In vitro quantification of botulinum neurotoxin type A1 using immobilized nerve cell-mimicking nanoreactors in a microfluidic platform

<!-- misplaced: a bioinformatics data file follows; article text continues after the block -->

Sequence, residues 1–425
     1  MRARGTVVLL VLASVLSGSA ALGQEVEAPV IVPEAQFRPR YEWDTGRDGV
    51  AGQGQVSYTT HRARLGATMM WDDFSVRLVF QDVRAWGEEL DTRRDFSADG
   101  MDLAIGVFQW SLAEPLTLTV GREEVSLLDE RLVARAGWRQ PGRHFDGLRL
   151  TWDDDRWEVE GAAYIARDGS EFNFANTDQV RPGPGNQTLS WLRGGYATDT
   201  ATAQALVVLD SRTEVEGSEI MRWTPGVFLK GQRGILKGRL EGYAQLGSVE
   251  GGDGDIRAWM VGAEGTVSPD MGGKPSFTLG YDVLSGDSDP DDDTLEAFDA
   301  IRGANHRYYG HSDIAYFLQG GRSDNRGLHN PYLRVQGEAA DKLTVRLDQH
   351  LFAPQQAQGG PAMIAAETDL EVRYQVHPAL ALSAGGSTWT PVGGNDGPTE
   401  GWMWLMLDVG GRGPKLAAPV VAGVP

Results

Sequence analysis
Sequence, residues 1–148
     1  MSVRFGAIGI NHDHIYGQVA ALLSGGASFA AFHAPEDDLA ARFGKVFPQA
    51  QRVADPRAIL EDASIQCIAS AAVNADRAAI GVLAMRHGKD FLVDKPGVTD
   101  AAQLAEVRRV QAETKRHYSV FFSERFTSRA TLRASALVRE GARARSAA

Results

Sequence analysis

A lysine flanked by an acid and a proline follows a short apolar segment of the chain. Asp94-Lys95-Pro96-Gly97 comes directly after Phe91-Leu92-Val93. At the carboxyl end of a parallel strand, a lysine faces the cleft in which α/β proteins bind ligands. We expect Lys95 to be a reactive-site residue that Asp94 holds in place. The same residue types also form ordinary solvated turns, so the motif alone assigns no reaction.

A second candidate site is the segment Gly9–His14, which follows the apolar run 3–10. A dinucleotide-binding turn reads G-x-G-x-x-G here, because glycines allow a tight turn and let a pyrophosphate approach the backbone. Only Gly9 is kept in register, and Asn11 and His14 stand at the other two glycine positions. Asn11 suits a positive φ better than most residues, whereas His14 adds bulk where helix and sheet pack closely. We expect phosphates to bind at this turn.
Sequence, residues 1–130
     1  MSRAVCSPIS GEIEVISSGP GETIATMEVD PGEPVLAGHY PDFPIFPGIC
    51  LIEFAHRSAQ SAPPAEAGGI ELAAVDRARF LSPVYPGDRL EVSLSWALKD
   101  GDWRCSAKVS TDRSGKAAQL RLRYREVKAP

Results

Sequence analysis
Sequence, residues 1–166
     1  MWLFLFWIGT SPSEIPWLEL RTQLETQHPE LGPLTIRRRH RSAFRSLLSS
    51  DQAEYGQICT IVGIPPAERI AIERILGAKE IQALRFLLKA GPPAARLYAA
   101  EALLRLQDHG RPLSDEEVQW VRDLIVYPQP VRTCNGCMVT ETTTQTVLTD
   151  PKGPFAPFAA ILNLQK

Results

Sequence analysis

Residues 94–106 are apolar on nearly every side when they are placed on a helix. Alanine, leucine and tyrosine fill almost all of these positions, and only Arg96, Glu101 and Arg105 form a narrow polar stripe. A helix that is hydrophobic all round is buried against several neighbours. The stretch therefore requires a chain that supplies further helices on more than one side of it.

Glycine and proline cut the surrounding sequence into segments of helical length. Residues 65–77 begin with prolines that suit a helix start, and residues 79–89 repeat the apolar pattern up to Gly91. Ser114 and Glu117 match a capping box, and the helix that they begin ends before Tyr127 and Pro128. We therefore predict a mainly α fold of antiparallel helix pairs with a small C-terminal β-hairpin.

The bacterial toxin botulinum neurotoxin A (BoNT/A) is not only an extremely toxic substance but also a potent pharmaceutical compound that is used in a wide spectrum of neurological disorders and cosmetic applications. The quantification of the toxin is extremely challenging due to its extraordinary high physiological potency and is further complicated by the toxin's three key functionalities that are necessary for its activity: receptor binding, internalization–translocation, and catalytic activity. So far, the industrial standard to measure the active toxin has been the mouse bioassay (MBA) that is considered today as outdated due to ethical issues. Therefore, recent introductions of cell-based assays were highly anticipated; their impact however remains limited due to their labor-intensive implementation. This report describes a new in vitro approach that combines a nanosensor based on the use of nerve cell-mimicking nanoreactors (NMN) with microfluidic technology. The nanosensor was able to measure all three key functionalities, and therefore suitable to quantify the amount of physiologically active BoNT/A. The integration of such a sensor in a microfluidic device allowed the detection and quantification of BoNT/A amounts in a much shorter time than the MBA (<10 h vs. 2–4 days). Lastly, the system was also able to reliably quantify physiologically active BoNT/A within a simple final pharmaceutical formulation. This complete in vitro testing system and its unique combination of a highly sensitive nanosensor and microfluidic technology represent a significant ethical advancement over in vivo measures and a possible alternative to cell-based in vitro detection methods.